Achieving Positive Social Identity: Women's Coping Strategies In Response To Status Inequality In Television Portrayals.
Committee ChairHarwood, Jake
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PublisherThe University of Arizona.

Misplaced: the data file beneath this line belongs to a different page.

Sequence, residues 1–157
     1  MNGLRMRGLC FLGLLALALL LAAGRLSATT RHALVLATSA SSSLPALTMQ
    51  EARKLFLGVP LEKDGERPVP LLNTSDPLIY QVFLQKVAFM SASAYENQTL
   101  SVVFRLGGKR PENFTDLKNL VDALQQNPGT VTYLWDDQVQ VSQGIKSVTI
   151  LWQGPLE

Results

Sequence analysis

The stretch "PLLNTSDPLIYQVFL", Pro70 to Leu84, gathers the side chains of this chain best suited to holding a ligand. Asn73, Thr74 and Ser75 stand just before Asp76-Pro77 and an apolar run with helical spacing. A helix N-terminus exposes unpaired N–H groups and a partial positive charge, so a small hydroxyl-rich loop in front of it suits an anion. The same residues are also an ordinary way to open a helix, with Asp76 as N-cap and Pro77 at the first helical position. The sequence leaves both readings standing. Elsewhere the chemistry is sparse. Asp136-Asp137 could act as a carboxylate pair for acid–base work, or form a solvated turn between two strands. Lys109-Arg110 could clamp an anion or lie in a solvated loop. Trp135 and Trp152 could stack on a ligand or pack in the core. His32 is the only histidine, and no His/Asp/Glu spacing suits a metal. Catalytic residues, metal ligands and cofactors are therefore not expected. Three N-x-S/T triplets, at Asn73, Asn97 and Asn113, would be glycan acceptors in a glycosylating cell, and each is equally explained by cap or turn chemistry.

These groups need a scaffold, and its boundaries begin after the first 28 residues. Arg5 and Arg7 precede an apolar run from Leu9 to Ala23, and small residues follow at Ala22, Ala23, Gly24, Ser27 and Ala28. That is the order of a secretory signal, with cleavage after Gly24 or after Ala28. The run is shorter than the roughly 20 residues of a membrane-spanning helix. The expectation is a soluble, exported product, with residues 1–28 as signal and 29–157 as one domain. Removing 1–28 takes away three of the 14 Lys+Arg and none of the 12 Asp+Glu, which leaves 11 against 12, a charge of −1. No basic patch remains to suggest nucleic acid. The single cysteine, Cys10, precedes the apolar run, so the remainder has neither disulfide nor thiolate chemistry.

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AbstractThis research investigated the influence of television viewing on the social identity management or coping strategies endorsed by women. Three studies (N = 536) tested predictions formulated under the aegis of cultivation theory and social identity theory. Cultivation theory suggests that exposure to low-status mediated portrayals of female characters may lead to the internalization of low status in female heavy television viewers, possibly resulting in a negative ingroup or social identity. According to social identity theory, members of low-status groups may cope with negative social identity by adopting any of three identity management strategies: individual mobility (disassociating oneself from the ingroup), social creativity (changing the dimension of comparison with a high-status group or changing the comparison group altogether), and social competition (actively pursuing legal and/or civil means in order to obtain a higher status for the ingroup). By integrating the identity management strategies as outcome variables in a cultivation-led framework, the main predictions of this research were that television viewing would be directly related to strategies of mobility and creativity and inversely related to social competition. A model of television viewing's indirect effects on identity management via its influences on the sociostructural constructs (permeability, stability, and legitimacy) was also tested in this research. Finally, this research examined other theoretically important variables that were predicted to impact television's cultivation effects. These were (i) gender role attitudes, (ii) perceived ingroup vitality, (iii) ingroup identification, (iv) perceived ingroup efficacy, and (v) perceived realism of television programming. The findings from these three studies indicate that television viewing has both direct and indirect influences on identity management in women. Specifically, television viewing was significantly and positively related to individual mobility and significantly and inversely related to attitudes of social competition. As television viewing was not related to any of the sociostructural variables, the preliminary model testing television viewing's indirect effects on identity management was not successful. However, a revised model incorporating perceived status of women, and perceived ingroup vitality, was more successful and consistently explained the data across the three studies. In non-traditional women, television viewing and gender role attitudes interacted to predict heightened mobility and creativity scores, and dampened attitudes of social competition. Similar but weaker effects were observed for more traditional women. Perceived ingroup vitality, ingroup identification, perceived ingroup efficacy, and perceived realism of television did not moderate the relationship between television viewing and identity management. The findings from the dissertation expand and add to the growing body of work integrating media effects and intergroup communication theories. Specifically, it extends the work focusing on media's influences on low-status group members' identity cognitions.